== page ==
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What to Watch: Laura Ashley losses, Germany worries, Ryanair strike, and Ocado fire

Tom Belger
Finance and policy reporter
A Laura Ashley store in Kensington, London. Photo: Alastair Grant/AP

Here are the top business, market, and economic stories you should be watching today in the UK, Europe, and abroad:

Laura Ashley slides into loss as home furnishings ‘underperform’

Laura Ashley (ALY.L) slid to a pre-tax loss of £14.3m in the first half of the year, after what its chair called a “difficult trading period” where home furnishings “underperformed.” Its shares dipped 5% on the news.

The company’s losses in the year to 30 June compare with a narrow £100,000 profit in the same period a year earlier.

Its total group sales were also down from £257.2m to £232.5m, with like-for-like retail sales and online revenue falling. But like-for-like fashion retail sales were up 9.2%.

Andrew Khoo, chairman of Laura Ashley, blamed losses on the “performance of home furnishing and that of our website following a re-platforming exercise which took place in November 2018.”

But he said the company was “delighted” by the growth of its licensed hospitality arm, with nine Laura Ashley licensed tearooms and two hotels.

UK and South Korea sign agreement to continue trading after Brexit

The British and South Korean governments are set to sign a trade agreement on Thursday, ensuring current trade rules continue “as far as possible” after Brexit.

International trade secretary Liz Truss said the deal would “allow businesses like Bentley and Denby to keep trading,” protecting British jobs in manufacturing, technology and professional services.

The government said in a press release the deal covers one of the biggest national markets covered by an existing EU trade deal, preventing disruption for almost 7,000 UK firms.

But not all other current UK trade deals via the EU have been rolled over, with Brexit just a few months away.

Alarm bells over German economy

German Chancellor Angela Merkel. Photo: PA

The Germany economy “continued to underperform” in August, according to a leading economic index.

Survey results from the IHS Markit purchasing managers’ index suggest job creation is at a five-year low, with a marked fall in goods production, new orders sinking and firms’ expectations for future output turning negative for the first time since 2014.

“Concerns about demand was one of several factors–alongside heightened uncertainty, weakness in the car industry and geopolitical tensions–behind a decrease in business confidence in August,” the IHS Markit report published on Thursday said.

But principal economist Phil Smith said growth in services was “just about” compensating for manufacturing’s “sustained weakness.”

Ryanair says first flights leaving ‘as scheduled’ despite pilot strike

Ryanair (RYA.L) said its first flights leaving the UK and Ireland on Thursday had departed without disruption, despite a strike by some of its British pilots in a row over pay.

The airline lost its last-ditch legal bid to stop the walkout, planned by members of the Balpa union for Thursday, Friday and dates in early September.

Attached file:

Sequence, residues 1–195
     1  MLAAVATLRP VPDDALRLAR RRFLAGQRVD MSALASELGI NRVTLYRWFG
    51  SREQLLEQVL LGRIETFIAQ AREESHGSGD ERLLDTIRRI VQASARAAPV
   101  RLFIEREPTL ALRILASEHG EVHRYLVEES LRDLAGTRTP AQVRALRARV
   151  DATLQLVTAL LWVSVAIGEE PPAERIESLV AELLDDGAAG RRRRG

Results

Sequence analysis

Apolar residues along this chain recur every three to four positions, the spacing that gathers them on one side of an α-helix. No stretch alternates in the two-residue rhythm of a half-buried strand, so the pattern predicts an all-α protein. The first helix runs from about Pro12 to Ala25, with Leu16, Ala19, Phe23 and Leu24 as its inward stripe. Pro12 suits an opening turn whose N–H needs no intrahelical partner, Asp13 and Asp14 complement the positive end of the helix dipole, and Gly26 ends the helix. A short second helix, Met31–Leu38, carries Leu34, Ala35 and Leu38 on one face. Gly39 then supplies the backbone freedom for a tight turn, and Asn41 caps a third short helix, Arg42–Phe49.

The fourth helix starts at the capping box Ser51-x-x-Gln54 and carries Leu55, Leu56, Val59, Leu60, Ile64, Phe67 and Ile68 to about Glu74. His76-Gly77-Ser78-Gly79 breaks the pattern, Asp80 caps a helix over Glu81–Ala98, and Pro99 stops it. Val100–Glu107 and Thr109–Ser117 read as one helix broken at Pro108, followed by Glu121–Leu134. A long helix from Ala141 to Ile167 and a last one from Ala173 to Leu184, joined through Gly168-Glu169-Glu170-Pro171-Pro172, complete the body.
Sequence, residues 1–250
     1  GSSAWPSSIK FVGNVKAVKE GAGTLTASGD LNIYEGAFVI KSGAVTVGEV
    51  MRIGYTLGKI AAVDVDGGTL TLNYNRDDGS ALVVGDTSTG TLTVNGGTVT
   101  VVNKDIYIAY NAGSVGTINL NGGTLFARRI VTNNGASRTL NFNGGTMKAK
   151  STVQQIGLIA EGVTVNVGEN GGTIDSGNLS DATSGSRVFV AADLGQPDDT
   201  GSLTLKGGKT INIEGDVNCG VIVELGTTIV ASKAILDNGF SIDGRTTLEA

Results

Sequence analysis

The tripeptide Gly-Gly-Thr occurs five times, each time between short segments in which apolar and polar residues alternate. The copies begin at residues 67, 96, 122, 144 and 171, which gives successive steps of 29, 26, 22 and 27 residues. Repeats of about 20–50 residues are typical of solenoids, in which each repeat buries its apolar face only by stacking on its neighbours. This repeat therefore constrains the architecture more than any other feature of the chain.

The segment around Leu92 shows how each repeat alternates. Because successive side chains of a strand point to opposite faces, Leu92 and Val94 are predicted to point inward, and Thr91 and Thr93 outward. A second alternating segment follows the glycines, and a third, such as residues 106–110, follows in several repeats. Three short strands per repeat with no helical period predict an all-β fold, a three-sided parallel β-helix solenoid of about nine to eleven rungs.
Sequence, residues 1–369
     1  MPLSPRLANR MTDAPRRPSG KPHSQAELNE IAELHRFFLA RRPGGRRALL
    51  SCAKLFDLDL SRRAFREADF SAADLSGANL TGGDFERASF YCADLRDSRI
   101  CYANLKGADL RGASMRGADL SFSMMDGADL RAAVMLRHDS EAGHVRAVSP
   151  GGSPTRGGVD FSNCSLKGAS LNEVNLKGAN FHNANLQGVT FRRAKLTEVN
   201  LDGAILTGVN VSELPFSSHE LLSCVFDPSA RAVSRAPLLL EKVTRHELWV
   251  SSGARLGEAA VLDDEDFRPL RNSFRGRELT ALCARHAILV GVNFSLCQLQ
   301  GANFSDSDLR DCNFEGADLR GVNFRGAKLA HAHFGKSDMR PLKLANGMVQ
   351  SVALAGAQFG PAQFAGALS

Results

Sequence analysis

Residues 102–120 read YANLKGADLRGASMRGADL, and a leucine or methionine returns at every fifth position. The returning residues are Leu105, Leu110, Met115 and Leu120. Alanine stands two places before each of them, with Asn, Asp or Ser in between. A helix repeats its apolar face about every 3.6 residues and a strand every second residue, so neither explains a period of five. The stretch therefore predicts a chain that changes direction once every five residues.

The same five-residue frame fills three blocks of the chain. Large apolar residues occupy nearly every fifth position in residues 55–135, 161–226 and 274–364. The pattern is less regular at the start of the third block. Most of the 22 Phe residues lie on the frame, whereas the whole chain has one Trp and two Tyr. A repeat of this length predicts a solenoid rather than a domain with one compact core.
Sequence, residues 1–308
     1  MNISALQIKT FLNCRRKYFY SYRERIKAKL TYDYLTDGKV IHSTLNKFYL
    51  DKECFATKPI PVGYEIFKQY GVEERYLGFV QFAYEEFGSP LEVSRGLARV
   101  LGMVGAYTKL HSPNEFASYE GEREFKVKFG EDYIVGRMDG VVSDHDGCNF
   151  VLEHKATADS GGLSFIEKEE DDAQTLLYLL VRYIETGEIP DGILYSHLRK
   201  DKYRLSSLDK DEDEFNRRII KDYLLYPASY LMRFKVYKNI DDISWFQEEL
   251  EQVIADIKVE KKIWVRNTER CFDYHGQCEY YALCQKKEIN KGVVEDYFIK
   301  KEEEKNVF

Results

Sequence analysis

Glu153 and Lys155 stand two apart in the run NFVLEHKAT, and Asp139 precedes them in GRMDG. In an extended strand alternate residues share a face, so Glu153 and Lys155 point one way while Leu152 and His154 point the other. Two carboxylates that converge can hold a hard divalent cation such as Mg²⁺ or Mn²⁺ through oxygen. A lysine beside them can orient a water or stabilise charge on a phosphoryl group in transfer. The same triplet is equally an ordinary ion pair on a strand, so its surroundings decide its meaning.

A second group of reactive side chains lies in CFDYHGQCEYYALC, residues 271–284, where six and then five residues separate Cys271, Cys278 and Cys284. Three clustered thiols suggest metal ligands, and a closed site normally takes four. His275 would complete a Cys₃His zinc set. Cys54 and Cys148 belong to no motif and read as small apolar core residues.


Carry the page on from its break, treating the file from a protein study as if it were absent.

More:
But it successfully secured a court order to prevent a walkout by Irish pilots, and said disruption would be limited as many pilots had volunteered to work.

Burford Capital caught up in sex tape claim

The main entrance to the Royal Courts of Justice in central London. Photo: PA

Embattled Burford Capital (BUR.L) has been caught up in a complex legal battle in London’s high court involving a Venezuelan business tycoon and a Russian shipping company.

The legal spat includes an accusation that a senior executive at London-listed Burford unlawfully traded confidential documents for a sex tape.

The allegations come as Burford is already battling to defend its reputation. Muddy Waters Research, a well-known US short-seller, published a 25-page report on the company at the start of the month alleging it was “arguably insolvent” and raising issues with accounting and governance.

Shares in Burford are over 40% lower than where they were trading before the Muddy Waters report.

Ocado shares down after another warehouse fire

Shares in Ocado (OCDO.L) fell and it cancelled some deliveries after a fire at its warehouse in south-east London, in the second blaze to hit the company this year.

The online grocery and technology company’s share price was down 1.8% at 10.05am.

It took 25 firefighters from three fire stations more than three hours to bring the fire under control, but Ocado said the blaze at its Erith facility had been “small.”

The fire forced the company to cancel “some customer orders,” which were re-booked for Friday. The blaze began just after 7pm on Wednesday night , and was extinguished shortly after 10pm.

European markets

Most European markets opened lower on Thursday morning, after muted figures emerged from a leading industry survey on the health of eurozone economies.

The IHS Market flash eurozone PMI composite index ticked upwards from 51.5 to 51.8, with figures above 50 showing growth and under 50 showing contraction. But it remains one of the weakest readings in almost six years.

The Euronext 100 (^N100) was down 0.4%, France’s CAC 40 (^FCHI) was down 0.3%, the. German DAX (^GDAXI) was down 0.2% and the FTSE was down 0.8%.

Overnight in Asia, Japan’s Nikkei (^N225) and China’s Shanghai Composite index (000001.SS) were both up 0.1%, but the Hong Kong Hang Seng Index (^HSI) slid 0.8%.

What to expect in the US

US stocks looked set for a lower open, with S&P500 futures (ES=F) and Dow Jones futures (YM=F) both down. 0.2%, while Nasdaq futures (NQ=F) were down 0.3%.